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# Integral of sine times cosine

Definite integral of the product of sine and cosine. Integrating sin(mt) * cos(nt) over a full period equals zero for any integer m and n. Created by Sal Khan.

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• It would be helpful to state and point to the sum rule and difference rule (for sin function) towards the beginning of the video.
``sin(A+B) = sinA cosB + cosA sinBsin(A-B) = sinA cosB - cosA sinB``

So the following becomes obvious:
``sin(mt)cos(nt) = 1/2 [ sin((m+n)t) + sin((m-n)t) ]``
• If there are such thing as long divition is there such thing as long times?
• What a great question! I bet long multiplication refers to how you multiply numbers bigger than 12. We all memorize our times tables up to 12, and beyond that we do the thing where you multiply one digit at a time and shift over and add it all up. That would be long multiplication. It takes a long time.
• At , Sal claims that the integral of sin(mx) dx from 0 to 2pi is 0 for any integer m, even if m is zero.
Looking at the curve visually, this makes sense as the sin(0) is 0 and constant from 0 to 2pi.

However, we established in the last video that the integral = -1/m * cos(mx)
So -1/0 * (cos(0)-cos(0)) = 0
So -1/0 * 0 = 0
However the equation above is false! We know that dividing anything by 0 makes it undefined and so -1/0 * 1 = not defined...
This means there's some faulty logic that I've applied. Can someone please explain which step is wrong? Is it just the idea that "anything multiplied by 0 is 0"?
Thank you!

EDIT: I just realized the same "logic" holds for the second integral as well
Integral of cos(0) from 0 to 2pi is simply the area of the rectangle of sides 1 and 2pi units, so it's 2pi
Once again, taking the anti-derivative from last video:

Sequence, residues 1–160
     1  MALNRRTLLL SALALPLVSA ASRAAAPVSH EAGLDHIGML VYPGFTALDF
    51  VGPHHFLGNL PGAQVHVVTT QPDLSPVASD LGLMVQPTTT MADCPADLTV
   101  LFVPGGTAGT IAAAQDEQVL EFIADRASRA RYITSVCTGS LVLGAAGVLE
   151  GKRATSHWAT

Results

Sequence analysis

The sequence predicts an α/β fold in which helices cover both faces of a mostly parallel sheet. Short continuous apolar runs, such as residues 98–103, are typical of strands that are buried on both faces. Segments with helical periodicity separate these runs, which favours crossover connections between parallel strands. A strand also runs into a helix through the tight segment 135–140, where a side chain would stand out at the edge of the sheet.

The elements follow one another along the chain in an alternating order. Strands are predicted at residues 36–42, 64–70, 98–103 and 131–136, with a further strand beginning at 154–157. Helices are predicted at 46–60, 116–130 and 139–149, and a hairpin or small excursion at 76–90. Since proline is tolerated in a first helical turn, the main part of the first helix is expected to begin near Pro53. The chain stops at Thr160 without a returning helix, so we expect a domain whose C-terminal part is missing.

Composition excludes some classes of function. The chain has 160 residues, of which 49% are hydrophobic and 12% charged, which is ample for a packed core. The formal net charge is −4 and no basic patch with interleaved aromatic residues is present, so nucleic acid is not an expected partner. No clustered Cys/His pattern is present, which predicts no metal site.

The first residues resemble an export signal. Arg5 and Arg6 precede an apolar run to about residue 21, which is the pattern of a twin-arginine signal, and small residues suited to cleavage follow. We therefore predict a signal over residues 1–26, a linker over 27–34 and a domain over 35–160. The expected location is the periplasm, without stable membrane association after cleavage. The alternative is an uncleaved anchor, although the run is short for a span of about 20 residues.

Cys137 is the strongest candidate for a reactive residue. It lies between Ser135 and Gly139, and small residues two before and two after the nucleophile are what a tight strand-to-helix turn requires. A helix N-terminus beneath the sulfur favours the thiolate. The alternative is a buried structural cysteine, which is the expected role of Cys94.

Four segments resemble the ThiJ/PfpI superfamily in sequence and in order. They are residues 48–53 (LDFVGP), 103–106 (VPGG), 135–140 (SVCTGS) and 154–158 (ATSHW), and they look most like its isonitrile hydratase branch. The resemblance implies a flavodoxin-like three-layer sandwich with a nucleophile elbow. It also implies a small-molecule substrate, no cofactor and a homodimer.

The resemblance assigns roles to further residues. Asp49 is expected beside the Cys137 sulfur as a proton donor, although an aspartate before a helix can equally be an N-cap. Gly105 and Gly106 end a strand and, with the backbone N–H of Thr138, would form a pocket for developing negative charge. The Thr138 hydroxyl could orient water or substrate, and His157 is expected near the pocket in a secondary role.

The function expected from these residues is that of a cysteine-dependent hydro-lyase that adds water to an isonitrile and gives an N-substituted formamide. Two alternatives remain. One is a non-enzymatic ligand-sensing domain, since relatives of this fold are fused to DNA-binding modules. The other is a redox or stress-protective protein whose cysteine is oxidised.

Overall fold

1/m * (sin(m*2pi) - (sin(m*0)) = 2pi
1/0 * (0-0) = 2pi
In this case the "anything multiplied by 0 is 0" rule actually seems to be violated...
• edit: he never stated that int [cos (0)]=0. i misunderstood, sorry.
(1 vote)
• if integration represents the area under the curve, the answer comes out to be zero, because the graph of sine and cosine are symmetrical, and the one cancel the other out.
Since the area above the graph is consider positive and the other negative.
Can you please explain how come to be zero?
• With the integral we find the area under the curve, since the area above the x-axis and below the x-axis is symmetrical, and by integration the one above the x-axis is positive and the one below the x-axis is negative the answer comes out to be zero.
But is the area of the curve zero? Can you please explain the reason why you consider this integral to be zero?
• You may have realized that integral of sin(mt) and cos(mt) alone, from 0 to 2*pi was zero because the curve was symmetrical under the period of integration i.e., positive area (region under curve above time axis) and negative area (region under curve below time axis) was EQUAL!
This was possible solely because curves sin(mt) and cos(mt) were periodic in nature, which means they repeat after certain time period.
Note that, sin(1*t) has period of 2*pi ('1' complete cycle in period of integration), while sin(mt) has period 2*pi/m ('m' complete cycles in period of integration), hence equal no. of positive and negative areas.
Now, sin(mt)*cos(nt) will also be a periodic function (if you try to plot it) and will contain integral no. of complete cycles in period of integration, and therefore integration of sin(mt)*cos(nt) will be zero.
• How to sin wave signal processing
(1 vote)
• Hello Dinesh,

Please elaborate. Are you asking how to produce a sinusoid using DSP methods or are you asking how to filter a sinusoid from a complex waveform?

Regards,

APD
• Why don't negative integers work in the cosine property?
(1 vote)
• Esther it,s broken or it is really techy and it could be programmed rong